Only San Benito qualifies under those restrictions.
Gov. Greg Abbott signed House Bill 4347 last month. House Bill 2199 was allowed to proceed into law without his signature, an indication of his disapproval of these tailored bills, but still he took no move to block them. Both pieces of legislation go into effect Sept. 1.
Hundreds of millions
The secret developer and city officials became acquainted during discussion about the Freddy Fender museum project, De La Rosa said.
They approached the city with the hotel-convention center and stadium plan in December 2017, and De La Rosa said things have progressed. So far, he said, in meetings with the developer, city officials were shown three different project mock-ups which evolved into something bigger each time.
“It’s going to be job-creation and increased property values (but) we will have to beef up some of our infrastructure, our water and sewer systems, our roadways,” De La Rosa said.
The city manager noted that the development site also is located in a federal opportunity zone based on the 2010 Census, and also would be in the Incremental Investment Zone which the city holds in partnership with the county.
“So the more they invest, and when I say hundreds, I mean a few hundred million is what we’re already talking about, the more opportunity they get to recoup their money,” he said.
De La Rosa said the city is preparing a pre-development agreement with the developers and officials hope to have it in place within three months. At that point, he anticipates a memorandum of understanding will be signed by all parties, giving the developer a year to finalize plans.
In recent years, several studies have ranked San Benito as the poorest city in Texas. The latest in this series of dubious recognitions came earlier this month from the website 24/7 Wall St.
With a population of 24,474, San Benito has a median household income of $26,583 annually, based on 2017 U.S. Census Bureau data. San Benito’s poverty rate is 37.4 percent, and its median home value is just $55,100.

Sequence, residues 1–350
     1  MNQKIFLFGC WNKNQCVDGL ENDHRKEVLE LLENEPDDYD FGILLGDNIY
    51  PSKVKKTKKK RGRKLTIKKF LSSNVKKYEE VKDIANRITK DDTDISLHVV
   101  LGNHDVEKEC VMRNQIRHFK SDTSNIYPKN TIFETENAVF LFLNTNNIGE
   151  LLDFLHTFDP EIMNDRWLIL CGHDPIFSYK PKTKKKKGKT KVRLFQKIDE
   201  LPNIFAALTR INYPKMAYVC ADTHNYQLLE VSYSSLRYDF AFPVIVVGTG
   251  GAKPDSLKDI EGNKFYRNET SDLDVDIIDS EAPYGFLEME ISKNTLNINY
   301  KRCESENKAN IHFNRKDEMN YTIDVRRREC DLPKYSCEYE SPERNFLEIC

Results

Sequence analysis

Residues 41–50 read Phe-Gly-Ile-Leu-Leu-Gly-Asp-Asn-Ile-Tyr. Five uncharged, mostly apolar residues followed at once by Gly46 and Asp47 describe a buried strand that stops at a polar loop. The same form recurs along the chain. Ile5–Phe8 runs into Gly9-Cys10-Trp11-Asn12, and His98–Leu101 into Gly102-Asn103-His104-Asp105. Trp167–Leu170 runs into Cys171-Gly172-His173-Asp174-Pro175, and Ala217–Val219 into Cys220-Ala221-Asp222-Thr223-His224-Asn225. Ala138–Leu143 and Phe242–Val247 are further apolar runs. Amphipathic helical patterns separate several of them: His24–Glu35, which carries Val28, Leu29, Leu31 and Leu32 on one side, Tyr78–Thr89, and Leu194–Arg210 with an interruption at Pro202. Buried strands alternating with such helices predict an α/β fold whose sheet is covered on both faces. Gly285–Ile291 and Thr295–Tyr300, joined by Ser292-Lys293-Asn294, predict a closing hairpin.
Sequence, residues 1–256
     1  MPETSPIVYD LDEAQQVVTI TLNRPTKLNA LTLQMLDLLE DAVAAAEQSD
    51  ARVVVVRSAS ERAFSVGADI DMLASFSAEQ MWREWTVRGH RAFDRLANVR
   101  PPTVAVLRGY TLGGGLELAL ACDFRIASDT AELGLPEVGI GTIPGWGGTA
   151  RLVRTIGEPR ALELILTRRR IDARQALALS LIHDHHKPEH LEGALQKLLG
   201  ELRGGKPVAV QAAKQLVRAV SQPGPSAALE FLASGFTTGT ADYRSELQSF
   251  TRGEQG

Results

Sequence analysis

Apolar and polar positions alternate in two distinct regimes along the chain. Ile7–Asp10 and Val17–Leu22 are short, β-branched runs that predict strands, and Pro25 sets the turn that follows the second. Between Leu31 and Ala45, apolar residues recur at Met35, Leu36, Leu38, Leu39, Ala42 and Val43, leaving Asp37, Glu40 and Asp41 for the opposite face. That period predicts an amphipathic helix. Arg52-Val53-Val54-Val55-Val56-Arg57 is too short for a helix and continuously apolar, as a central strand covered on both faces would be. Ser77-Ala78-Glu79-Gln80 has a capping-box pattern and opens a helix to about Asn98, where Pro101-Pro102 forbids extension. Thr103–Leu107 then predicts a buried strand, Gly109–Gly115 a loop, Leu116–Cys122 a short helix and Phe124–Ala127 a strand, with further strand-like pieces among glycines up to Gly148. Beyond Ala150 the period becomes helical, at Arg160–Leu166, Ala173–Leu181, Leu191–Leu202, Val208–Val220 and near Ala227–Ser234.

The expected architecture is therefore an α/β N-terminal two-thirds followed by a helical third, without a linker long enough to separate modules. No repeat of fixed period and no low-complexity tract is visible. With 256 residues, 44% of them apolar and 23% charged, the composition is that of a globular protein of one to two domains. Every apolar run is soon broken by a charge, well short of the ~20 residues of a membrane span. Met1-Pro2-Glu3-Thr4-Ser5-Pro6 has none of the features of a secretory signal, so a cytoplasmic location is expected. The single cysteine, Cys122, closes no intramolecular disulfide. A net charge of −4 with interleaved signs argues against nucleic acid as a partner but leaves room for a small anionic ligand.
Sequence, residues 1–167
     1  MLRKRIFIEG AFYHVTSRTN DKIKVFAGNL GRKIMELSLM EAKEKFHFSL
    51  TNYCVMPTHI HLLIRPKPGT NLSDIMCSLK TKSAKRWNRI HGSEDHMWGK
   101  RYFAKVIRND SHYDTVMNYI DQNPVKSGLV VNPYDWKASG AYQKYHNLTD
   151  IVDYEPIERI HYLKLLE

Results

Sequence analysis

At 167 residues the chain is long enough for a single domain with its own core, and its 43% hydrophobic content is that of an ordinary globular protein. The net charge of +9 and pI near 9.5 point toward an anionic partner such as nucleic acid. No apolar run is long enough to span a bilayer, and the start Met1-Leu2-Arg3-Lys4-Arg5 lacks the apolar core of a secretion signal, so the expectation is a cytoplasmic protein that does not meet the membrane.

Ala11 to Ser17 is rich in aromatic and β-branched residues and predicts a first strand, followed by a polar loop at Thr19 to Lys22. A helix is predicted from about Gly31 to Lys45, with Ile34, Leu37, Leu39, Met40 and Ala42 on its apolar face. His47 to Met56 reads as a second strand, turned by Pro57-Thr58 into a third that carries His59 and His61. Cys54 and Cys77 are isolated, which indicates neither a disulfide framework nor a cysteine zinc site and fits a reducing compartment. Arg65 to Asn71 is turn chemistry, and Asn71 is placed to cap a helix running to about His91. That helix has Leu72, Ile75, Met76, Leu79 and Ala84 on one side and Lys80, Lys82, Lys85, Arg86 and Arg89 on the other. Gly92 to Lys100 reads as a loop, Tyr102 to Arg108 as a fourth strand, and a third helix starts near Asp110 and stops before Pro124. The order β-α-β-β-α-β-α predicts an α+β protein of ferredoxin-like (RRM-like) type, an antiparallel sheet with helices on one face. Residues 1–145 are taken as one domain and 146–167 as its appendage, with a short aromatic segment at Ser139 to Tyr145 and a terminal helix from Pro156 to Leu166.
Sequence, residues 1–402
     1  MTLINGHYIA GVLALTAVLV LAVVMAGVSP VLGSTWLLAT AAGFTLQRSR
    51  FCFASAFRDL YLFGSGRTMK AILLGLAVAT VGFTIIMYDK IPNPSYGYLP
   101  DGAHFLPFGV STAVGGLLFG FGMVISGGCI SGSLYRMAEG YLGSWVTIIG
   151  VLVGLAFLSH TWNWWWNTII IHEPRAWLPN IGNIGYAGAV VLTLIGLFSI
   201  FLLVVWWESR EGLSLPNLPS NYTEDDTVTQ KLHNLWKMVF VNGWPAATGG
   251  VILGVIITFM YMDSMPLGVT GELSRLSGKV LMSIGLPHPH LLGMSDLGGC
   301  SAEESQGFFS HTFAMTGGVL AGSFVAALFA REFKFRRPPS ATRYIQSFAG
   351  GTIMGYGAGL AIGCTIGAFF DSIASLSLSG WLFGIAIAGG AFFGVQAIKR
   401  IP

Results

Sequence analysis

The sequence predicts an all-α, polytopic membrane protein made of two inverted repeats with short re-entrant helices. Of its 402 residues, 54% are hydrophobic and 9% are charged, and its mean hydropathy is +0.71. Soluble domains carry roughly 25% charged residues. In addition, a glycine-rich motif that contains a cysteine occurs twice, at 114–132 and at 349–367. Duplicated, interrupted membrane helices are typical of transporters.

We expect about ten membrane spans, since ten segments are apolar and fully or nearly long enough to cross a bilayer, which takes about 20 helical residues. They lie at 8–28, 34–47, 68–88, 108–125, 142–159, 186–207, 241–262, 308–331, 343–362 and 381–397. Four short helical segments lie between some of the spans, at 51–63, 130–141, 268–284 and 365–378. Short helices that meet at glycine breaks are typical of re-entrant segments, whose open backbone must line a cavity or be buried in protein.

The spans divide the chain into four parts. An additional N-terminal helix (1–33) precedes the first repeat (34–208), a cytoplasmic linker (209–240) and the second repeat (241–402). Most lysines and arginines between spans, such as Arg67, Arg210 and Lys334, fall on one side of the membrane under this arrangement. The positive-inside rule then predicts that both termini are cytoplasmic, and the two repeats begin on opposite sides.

Given those numbers, it is perhaps no surprise the city has been unable to generate much traction when it comes to economic development.
Yet there have been positives lately, like the construction of the new $23.7 million AEP Texas Service Center. Wal-Mart, which has closed stores in some cities like Raymondville, with serious economic consequences for that community, is so bullish on its San Benito location the company just upgraded its store with an investment of at least $600,000.
A hotel-slash-convention center and sports stadium may have an impact beyond the merely economic. Perhaps such a financial investment in the City of San Benito will be a psychological boost for the city’s residents as well.
Several municipalities in the last legislative session also sought special favors from lawmakers, but many if not most were denied. In that sense, San Benito officials already feel they have a victory and are now free to pursue the bigger prize.
“But here’s the point,” De La Rosa said, recalling what he told state legislators in Austin earlier this year. “My testimony was 37 percent of our population is at the poverty level. We should get more to our community — we need it. This would be good for San Benito, this would be good for Cameron County.
“These are hardworking people,” De La Rosa told lawmakers. “Give us a chance.”